The challenge for us is to see our lives, not as a mad rush to a certain goal, but as a series of events put in place by God to get us to a goal He has for us, and it may be one that we don't even see. When Billy Graham was called to preach as a young man I seriously doubt he could have even dreamed that he would preach all over the world to millions of people and various US presidents. Am I saying we are all going to be Billy Grahams and Pauls? Heavens no! One of the hardest things for me to get my mind around is the fact that in God's economy the ones who reach millions and the ones who reach two are just as important. Look at the Old Testament and see this in action. The books of Isaiah and Jeremiah are some of the longest in the Bible. Yet Amos and Obadiah, such short books, are just as crucial to the message. In the New Testament Romans is perhaps the greatest exposition of theology we have and one of the longest letters Paul wrote. However, where would we be without the exhortations of love found in 1,2 and 3 John?
Many times God does not give us more than one step at a time. He may not give us the privilege of seeing the big picture and all the little stepping stones that lead to the goal He has for us. However, we must put our trust in Him and His plan. What I find myself guilty of far too often is trusting God for my salvation but not my tomorrow. From where I'm sitting I want to beg God to "put me in the game." I think I'm ready and I think its time, however God may have different designs.
In Mark 5 there is the famous story of the Gerasene demoniac. After Jesus casts out legion into the herd of pigs and the man regains his composure Jesus is asked to leave the region because the people fear what has happened. At this point the former demoniac asks Jesus if he can go with Him. Jesus replies;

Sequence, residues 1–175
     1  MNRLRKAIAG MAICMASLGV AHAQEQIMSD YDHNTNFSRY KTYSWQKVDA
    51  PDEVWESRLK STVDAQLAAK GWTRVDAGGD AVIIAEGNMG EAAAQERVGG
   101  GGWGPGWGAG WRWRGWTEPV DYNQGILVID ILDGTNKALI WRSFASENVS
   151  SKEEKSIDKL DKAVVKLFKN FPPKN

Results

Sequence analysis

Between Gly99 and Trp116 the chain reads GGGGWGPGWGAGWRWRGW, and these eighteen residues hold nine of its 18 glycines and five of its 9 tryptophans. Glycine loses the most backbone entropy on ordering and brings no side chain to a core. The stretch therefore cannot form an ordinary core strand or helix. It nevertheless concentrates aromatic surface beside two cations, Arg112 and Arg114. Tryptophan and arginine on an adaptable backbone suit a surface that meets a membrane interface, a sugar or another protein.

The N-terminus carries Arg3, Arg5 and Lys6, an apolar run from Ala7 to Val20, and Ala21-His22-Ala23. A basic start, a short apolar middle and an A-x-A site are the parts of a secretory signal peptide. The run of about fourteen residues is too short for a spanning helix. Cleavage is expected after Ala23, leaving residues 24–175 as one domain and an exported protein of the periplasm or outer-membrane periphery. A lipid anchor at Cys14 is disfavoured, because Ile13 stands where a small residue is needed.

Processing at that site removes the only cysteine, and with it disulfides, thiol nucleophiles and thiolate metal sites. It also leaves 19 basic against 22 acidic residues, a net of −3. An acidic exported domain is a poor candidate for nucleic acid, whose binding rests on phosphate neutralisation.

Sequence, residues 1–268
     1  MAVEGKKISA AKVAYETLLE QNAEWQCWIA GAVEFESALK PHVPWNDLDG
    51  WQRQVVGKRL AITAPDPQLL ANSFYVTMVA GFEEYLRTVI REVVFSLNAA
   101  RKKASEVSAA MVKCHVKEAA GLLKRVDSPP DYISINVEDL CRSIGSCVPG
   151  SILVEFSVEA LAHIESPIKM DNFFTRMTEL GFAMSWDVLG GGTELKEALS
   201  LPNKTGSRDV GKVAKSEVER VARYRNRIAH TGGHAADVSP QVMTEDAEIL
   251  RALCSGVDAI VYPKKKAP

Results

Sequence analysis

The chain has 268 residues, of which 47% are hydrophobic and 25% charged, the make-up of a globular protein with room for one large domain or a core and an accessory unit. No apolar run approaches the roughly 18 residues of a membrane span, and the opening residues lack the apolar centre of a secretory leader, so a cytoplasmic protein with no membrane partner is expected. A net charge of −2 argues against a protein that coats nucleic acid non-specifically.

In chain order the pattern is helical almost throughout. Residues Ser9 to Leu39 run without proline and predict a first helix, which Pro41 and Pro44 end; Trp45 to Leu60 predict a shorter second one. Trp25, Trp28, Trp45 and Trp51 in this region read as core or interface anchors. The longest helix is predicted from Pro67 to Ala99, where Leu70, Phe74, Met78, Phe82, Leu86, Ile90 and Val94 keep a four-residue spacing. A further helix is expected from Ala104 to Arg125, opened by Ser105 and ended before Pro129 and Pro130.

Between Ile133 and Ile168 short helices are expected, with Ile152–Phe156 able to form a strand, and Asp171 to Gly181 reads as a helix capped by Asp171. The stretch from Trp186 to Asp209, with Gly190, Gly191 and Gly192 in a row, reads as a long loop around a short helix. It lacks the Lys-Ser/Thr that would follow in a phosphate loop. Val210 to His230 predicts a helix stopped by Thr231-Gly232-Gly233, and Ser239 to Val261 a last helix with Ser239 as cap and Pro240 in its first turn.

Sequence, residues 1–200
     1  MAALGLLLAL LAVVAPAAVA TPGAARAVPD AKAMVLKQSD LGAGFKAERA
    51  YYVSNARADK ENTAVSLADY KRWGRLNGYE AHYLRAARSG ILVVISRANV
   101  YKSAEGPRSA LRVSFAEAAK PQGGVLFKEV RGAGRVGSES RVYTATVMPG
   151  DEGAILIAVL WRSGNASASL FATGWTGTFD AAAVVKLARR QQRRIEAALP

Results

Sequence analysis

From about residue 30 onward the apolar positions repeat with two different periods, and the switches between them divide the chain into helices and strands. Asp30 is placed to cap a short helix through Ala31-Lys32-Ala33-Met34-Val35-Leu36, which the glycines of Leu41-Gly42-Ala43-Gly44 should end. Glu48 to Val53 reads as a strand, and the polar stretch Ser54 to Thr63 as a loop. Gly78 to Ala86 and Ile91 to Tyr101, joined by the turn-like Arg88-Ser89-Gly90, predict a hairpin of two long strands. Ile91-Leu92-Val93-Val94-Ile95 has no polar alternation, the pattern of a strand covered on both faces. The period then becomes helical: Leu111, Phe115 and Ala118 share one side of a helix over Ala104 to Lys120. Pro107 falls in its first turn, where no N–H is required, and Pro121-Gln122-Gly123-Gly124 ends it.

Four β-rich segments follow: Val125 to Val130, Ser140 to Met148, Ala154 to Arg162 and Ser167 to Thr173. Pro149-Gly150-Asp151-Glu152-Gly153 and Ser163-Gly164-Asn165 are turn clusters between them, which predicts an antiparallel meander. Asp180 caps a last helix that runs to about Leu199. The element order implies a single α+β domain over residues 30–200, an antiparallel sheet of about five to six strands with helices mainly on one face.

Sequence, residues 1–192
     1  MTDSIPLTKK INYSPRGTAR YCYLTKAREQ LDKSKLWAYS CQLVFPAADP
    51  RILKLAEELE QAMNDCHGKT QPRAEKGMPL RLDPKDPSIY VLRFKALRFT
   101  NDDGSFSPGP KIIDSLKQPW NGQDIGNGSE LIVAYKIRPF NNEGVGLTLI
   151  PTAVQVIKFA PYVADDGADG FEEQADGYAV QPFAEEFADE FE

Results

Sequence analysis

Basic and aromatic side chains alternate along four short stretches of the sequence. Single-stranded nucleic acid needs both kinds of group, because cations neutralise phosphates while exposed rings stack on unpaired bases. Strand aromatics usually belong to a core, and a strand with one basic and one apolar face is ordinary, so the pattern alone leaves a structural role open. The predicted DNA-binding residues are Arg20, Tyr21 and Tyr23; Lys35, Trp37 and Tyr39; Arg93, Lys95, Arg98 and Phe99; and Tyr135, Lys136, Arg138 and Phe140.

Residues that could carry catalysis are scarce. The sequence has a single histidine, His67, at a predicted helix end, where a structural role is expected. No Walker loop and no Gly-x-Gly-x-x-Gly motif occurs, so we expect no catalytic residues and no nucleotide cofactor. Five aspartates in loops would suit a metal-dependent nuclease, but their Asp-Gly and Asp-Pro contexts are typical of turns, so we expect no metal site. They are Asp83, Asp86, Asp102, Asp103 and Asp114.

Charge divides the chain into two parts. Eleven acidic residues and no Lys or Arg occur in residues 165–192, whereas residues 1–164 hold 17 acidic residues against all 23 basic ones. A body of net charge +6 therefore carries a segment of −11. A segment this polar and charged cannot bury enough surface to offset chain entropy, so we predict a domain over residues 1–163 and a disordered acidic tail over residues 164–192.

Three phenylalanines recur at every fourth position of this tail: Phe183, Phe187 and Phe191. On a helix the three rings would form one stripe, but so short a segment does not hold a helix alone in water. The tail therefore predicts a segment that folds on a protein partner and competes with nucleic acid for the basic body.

Go home to your people and report to them what great things the Lord has done for you, and how He had mercy on you (Mark 5:19).
The man wanted to go in the game with Jesus. In fact, the Bible says he "was imploring" Jesus. To "implore" someone was to do more than just ask them, it has a meaning more akin to earnestly beg. This man was ready to follow Jesus and be a part of His work in the world, but Jesus said, "You need to be in game in a different place at this time." Has Jesus told you the same thing? I'm sure this man was disappointed at some level and, dear friends, when Jesus tells us "not yet" or "not here" we can get discouraged. The thing we must do is, not look to the bigger picture because we can't see the bigger picture, we must look at the artist of it. If you've ever watched Bob Ross paint on TV you will know that when he starts out and begins putting brush to canvas it doesn't necessarily look like anything. However, after watching him a few times I would never doubt that the finished product was going to be a beautiful picture.
We may feel like we want to get in the game right here, right now. However, God may have different designs for our life. There may be more to learn, more growth to take place, more to experience to prepare us for where He wants us, when He wants us.
One final thing. Rudy Ruettiger trained, practiced and fought so that he could, one day, play football for the Fighting Irish. I can't say this for sure but I have to think that he practiced everyday as if he was going to be put in the game that week. Do we prepare ourselves to be used by God each and every day even if we see no playing time on the horizon? Or, do we sit around hoping that one day we will get word that we're going in, waiting to prepare then? Yes, each day could be our last and we should live like it, but don't forget tomorrow could be the day the Coach puts us in the game. Will we be ready?